I have been an avid fan of turn based empire-building games since I was a child. I’ve played many of them, and usually for days on end, I probably have thousands of hours logged in Civilization II. Based on my experience I can confidently say that Master of Orion II is the best of the bunch even looking back now from 2018.
It just got so much right! So many elements of this game were leaps ahead of the genre. Everything is fun in Master of Orion II; exploration, empire building, science, war, even espionage. Many games that bring innovation to the genre, but many times that innovation falls flat on it’s face (Have you seen Master of Orion 3?) Master of Orion 2 challenges you on every level, and presents you interesting choices in all elements of gameplay.
The first noticeable difference between MOO2 and the other 4X games, and probably the most entertaining, is species creation. In MOO2 you get to create your alien race using an impressive customization screen reminiscent of the Fallout 1 and 2 character generator. Of course there are plenty of stock aliens to choose from, but you better believe it’s way more fun to make your own!
You can create a race of fragile, slow-to-reproduce, subterranean ultra smart science super nerds. Or you can make a race of telepaths that have a fetish for gold coins who use their telepathy to make favorable trade agreements. You can even make a race that doesn’t need to eat organic food but can get by eating minerals allowing them the ability to live on any planet and never worry about farming.
You could even draw on other popular aliens of science fiction and see how they would perform. How would you create StarCraft’s Zerg or Protoss in this sandbox? How about StarTrek’s Klingons, Romulans or Borg?
I have played hundreds of games and I still have builds I am interested in trying. The replay value is unparalleled.
Exploration and Colonization
In MOO2 expansion has some subtleties that make it fun and interesting. This game takes place in space, and instead of settling on land, you settle on entire planets that orbit stars. Early in the game your ships have primitive engines and can not venture very far from your home system.
Generally the map is generated to put some distance between you and your neighbors, at least until you settle a little further away. This means you will not need to fight for expansion space with any other races early in the game. There is usually plenty of room in your own little area to build up a solid empire before you need to arm up and battle.
The juiciest randomly-generated systems often come with a space monster protecting them. You need to develop the firepower to destroy the space monster before colonizing that system. This is awesome for three reasons:
- It mitigates luck based advantages of starting next to a high quality system because even if you do, it will take some time to destroy the space monster.
- Interesting game states present themselves in which a player must make the choice of researching weapon systems and building ships to destroy the monster as fast as possible as opposed to taking a more balanced research path and concentrating on infrastructure.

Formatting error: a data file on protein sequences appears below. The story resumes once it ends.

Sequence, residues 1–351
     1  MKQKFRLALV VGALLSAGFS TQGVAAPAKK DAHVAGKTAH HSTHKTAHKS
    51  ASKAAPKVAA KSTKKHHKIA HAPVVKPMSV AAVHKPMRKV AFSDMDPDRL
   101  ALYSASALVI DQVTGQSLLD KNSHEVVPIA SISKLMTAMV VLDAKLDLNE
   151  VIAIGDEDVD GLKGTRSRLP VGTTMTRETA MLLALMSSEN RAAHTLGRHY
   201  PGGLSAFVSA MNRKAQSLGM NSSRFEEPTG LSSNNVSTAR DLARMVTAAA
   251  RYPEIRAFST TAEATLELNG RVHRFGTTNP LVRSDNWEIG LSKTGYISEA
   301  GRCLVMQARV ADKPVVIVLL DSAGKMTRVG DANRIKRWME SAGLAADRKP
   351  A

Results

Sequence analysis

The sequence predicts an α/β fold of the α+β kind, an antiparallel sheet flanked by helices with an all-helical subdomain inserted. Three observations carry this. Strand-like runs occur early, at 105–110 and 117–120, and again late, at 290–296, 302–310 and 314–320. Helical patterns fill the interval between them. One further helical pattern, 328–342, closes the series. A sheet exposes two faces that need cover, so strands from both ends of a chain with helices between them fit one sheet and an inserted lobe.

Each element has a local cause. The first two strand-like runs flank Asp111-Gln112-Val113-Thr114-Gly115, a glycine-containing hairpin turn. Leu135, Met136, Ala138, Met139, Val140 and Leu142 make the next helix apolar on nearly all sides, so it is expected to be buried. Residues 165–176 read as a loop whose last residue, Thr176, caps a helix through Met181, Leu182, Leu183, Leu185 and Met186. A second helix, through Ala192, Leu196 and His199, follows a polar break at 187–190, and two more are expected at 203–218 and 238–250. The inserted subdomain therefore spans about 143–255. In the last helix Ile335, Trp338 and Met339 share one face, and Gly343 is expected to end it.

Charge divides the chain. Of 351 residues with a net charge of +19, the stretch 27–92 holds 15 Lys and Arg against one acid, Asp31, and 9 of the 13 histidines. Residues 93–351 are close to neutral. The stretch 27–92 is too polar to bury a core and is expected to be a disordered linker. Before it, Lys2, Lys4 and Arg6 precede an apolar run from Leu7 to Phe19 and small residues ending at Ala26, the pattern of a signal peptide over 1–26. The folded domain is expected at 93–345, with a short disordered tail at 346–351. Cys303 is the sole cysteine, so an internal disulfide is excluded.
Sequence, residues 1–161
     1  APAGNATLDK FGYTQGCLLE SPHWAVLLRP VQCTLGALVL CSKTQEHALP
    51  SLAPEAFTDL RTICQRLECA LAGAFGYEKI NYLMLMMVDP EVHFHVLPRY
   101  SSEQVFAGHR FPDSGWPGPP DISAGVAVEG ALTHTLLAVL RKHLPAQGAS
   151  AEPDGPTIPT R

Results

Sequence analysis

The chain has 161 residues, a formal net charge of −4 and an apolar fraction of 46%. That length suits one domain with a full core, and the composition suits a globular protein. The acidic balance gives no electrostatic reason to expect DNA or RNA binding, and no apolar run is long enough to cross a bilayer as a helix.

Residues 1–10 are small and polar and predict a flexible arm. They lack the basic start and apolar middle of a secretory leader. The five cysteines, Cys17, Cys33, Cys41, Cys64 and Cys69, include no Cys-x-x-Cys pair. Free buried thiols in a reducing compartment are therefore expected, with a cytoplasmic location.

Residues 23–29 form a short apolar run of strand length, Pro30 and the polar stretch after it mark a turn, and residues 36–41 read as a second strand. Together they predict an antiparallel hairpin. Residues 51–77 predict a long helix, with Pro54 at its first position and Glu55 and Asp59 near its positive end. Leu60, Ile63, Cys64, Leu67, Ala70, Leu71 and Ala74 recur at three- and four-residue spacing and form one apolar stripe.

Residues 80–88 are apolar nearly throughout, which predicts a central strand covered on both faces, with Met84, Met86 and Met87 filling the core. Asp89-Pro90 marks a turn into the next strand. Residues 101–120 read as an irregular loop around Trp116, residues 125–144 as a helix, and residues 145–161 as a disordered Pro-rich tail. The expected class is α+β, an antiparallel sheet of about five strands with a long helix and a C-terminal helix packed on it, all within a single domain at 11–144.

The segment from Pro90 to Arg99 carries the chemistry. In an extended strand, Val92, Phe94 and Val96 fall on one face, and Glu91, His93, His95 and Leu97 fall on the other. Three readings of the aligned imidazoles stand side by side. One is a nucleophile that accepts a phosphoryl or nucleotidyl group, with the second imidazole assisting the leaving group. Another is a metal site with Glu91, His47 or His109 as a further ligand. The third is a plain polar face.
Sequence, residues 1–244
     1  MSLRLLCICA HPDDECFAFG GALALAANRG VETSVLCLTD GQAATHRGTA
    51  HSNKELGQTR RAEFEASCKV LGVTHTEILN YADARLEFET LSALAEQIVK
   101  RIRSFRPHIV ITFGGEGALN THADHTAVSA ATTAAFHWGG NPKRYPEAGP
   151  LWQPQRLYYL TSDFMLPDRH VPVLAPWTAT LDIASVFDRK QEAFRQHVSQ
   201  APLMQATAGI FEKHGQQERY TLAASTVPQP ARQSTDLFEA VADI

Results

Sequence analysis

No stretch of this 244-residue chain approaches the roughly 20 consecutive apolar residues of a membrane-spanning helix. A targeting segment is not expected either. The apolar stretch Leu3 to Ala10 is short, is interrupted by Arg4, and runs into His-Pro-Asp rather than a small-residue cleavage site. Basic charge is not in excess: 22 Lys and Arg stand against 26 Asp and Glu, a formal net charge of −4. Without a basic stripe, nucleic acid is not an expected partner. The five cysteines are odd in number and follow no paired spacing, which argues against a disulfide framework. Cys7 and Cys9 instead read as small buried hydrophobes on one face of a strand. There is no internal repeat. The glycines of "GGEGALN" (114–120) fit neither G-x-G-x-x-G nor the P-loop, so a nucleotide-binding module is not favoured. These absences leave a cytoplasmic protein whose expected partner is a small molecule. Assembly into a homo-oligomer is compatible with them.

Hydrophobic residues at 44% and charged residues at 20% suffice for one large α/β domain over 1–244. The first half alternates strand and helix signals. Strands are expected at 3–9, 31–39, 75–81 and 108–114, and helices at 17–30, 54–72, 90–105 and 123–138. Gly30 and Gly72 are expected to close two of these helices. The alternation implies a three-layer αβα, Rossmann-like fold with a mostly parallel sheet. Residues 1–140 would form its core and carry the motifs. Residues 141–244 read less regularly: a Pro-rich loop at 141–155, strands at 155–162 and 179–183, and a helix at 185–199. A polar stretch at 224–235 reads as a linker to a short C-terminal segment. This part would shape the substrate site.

- Race situations can take place, where two competing civilizations try to destroy the space monster and colonize the system before the other.
There is a good variety in expanding in this game as opposed to Civilization. In Civilization you always need to fight for land because if you fall behind in number of cities then you are at a disadvantage. That is true in Master of Orion 2 as well, but you can simply colonize fewer but higher quality planets for equal footing.
Even if that doesn’t work you can make poor planets better by getting terraforming technology, hydroponic farming or biospheres.
Diplomacy is always a breaking point in these 4X empire building games. In my opinion this is always the low point of Civilization games since Civ2. Either there aren’t enough diplomatic options or the AI acts so inexplicably the diplomacy screen isn’t even worth visiting. Well for a game that was released in the same year as Civilization 2, it had diplomacy that was more interesting that it has ever been.
The typical options are all there: trade technology (more on this in the science section), offer gifts to improve relations, demand technology/money/system, make alliances and if you really want to, you can surrender.
This all seems pretty normal, and for the most part it is. But here is what this game offers that is so brilliant and head of its time. When you sign a trade treaty or a science treaty you don’t just gain an immediate trade. Instead both of your civilizations begin PAYING money, and then eventually over several turns your deficit turns into a bonus and this bonus gets bigger over time. Both of your civilizations begin gaining bonus research points and income every turn and this number continues to grow as your civilizations prosper.
Civilization 5 recently (and I am talking 2010) implemented a science treaty system similar to this, and I am happy they finally realized what a great idea it is. This gives you incentive to actually stay at peace, and keep the peace with everyone. Also when you have a very strong and beneficial agreement going, it puts both parties in an interesting position to make demands. In this case a declaration of war isn’t just an inconvenience (and sometimes in the case of being very far apart, a total non-issue) to an actual detriment because losing the 200 research points and 150 income every turn is a big deal.
I can’t stress enough how innovative and excellent this move is. Not being at war isn’t the only incentive for peace anymore. You actually WANT to build many long-lasting relationships because the more science and trade agreements you have the higher you can fly.